The Hadean is the geologic eon before the Archean. It started at Earth's formation about 4.6 billion years ago (4600 Ma), and ended roughly 3.8 billion years ago, though the latter date varies according to different sources. The name "Hadean" derives from Hades, Greek for "unseen" or "Hell" and suggesting the underworld or referring to the conditions on Earth at the time. The geologist Preston Cloud coined the term in 1972, originally to label the period before the earliest-known rocks. W. B. Harland later coined an almost synonymous term: the "Priscoan period". Other older texts simply refer to the eon as the Pre-Archean.
Since few geological traces of this period remain on Earth there are no official subdivisions. However, several major divisions of the lunar geologic timescale occurred during the Hadean, and so these are sometimes used unofficially to refer to the same periods of time on Earth.
The Greenland sediments include banded iron beds. They contain possibly organic carbon and imply some possibility that photosynthetic life had already emerged at that time. The oldest known fossils (from Australia) date from a few hundred million years later.
A sizeable quantity of water would have been in the material which formed the Earth. Water molecules would have escaped Earth's gravity until the planet attained a radius of about 40% of its current size; after that point, water (and other volatile substances) would have been retained. Hydrogen and helium are expected to continually leak from the atmosphere, but the lack of denser noble gases in the modern atmosphere suggests that something disastrous happened to the early atmosphere.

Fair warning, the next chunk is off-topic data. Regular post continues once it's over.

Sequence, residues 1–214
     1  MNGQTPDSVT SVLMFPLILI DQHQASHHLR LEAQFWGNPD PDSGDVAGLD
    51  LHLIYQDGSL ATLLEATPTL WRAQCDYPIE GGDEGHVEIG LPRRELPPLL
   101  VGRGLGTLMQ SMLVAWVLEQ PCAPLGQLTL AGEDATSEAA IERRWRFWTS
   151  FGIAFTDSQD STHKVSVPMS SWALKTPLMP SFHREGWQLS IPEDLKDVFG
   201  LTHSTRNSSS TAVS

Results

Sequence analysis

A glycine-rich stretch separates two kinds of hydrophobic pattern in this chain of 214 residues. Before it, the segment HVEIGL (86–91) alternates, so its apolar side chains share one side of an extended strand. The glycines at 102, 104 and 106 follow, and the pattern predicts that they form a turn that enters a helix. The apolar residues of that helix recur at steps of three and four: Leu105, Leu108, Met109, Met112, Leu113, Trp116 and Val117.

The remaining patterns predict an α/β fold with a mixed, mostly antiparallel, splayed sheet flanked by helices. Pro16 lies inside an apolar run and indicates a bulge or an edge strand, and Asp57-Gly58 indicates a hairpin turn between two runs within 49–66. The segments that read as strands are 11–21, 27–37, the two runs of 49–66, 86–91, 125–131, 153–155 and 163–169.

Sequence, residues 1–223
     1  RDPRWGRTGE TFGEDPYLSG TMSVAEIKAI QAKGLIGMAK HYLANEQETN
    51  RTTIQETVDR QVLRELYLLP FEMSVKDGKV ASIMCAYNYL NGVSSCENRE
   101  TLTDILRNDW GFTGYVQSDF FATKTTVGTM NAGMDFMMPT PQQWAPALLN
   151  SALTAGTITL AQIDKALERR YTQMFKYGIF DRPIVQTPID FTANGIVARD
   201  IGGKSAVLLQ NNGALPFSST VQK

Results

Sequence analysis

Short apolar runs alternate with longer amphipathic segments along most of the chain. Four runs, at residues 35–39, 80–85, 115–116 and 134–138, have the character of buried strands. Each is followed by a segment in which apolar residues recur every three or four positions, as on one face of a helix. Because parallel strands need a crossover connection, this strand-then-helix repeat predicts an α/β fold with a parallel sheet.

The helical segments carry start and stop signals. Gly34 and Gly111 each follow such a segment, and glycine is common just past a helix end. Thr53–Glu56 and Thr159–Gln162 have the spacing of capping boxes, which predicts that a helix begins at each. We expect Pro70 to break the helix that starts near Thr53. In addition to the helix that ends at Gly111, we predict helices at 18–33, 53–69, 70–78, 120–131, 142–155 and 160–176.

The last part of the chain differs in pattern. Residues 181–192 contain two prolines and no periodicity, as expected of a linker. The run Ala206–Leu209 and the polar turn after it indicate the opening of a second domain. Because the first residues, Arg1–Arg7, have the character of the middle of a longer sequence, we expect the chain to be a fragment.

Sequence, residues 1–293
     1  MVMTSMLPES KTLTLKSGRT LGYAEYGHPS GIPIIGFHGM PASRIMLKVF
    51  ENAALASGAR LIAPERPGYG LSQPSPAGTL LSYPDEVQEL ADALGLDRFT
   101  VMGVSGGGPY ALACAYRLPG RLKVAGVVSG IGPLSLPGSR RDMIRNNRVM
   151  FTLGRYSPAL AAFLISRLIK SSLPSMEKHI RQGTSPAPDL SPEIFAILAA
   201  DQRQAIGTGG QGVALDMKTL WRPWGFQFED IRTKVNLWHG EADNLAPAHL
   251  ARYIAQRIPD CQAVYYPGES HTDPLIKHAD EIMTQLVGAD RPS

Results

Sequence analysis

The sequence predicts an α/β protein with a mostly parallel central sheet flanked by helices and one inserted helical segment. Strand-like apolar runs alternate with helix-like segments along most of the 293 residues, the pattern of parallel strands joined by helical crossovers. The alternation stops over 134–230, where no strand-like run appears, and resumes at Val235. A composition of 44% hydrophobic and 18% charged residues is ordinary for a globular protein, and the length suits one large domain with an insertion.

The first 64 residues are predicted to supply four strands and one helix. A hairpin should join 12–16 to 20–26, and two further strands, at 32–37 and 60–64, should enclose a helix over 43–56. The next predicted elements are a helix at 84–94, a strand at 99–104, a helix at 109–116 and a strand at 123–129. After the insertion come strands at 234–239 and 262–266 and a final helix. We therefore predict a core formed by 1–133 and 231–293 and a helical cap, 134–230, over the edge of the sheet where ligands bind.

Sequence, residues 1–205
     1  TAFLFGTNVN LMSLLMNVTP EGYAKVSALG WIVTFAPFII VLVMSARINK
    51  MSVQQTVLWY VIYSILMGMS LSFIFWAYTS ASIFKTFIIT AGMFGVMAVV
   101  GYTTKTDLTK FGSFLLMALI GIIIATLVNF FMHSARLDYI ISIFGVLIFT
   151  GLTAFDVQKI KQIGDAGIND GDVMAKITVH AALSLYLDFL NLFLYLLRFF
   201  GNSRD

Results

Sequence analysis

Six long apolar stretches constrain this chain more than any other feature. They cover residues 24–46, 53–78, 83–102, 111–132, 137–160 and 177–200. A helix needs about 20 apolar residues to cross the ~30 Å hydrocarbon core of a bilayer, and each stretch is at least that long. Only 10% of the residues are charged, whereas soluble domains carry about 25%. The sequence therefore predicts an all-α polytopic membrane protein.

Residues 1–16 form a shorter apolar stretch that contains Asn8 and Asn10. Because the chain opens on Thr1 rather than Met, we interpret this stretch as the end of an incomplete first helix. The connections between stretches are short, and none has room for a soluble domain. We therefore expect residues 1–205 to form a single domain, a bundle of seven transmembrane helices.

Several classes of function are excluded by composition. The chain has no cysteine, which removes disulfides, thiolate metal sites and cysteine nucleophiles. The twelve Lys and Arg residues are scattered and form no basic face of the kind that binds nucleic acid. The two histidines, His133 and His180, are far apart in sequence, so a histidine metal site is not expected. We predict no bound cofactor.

Part of the young planet is theorized to have been disrupted by the impact which created the Moon, which should have caused melting of one or two large areas. Present composition does not match complete melting and it is hard to completely melt and mix huge rock masses. However, a fair fraction of material should have been vaporized by this impact, creating a rock vapor atmosphere around the young planet. The rock vapor would have condensed within two thousand years, leaving behind hot volatiles which probably resulted in a heavy carbon dioxide atmosphere with hydrogen and water vapor. Liquid water oceans existed despite the surface temperature of 230°C because of the atmospheric pressure of the heavy CO2 atmosphere. As cooling continued, subduction and dissolving in ocean water removed most CO2 from the atmosphere but levels oscillated wildly as new surface and mantle cycles appeared.
Study of zircons has found that liquid water must have existed as long ago as 4400 Ma, very soon after the formation of the Earth. This requires the presence of an atmosphere.
Abiotic ammonium formation in the presence of Ni-Fe metals and alloys and its implications for the Hadean nitrogen cycle.(Research article)
May 19, 2008; Authors: Alexander Smirnov (corresponding author) ; Douglas Hausner ; Richard Laffers ; Daniel R Strongin ; Martin AA...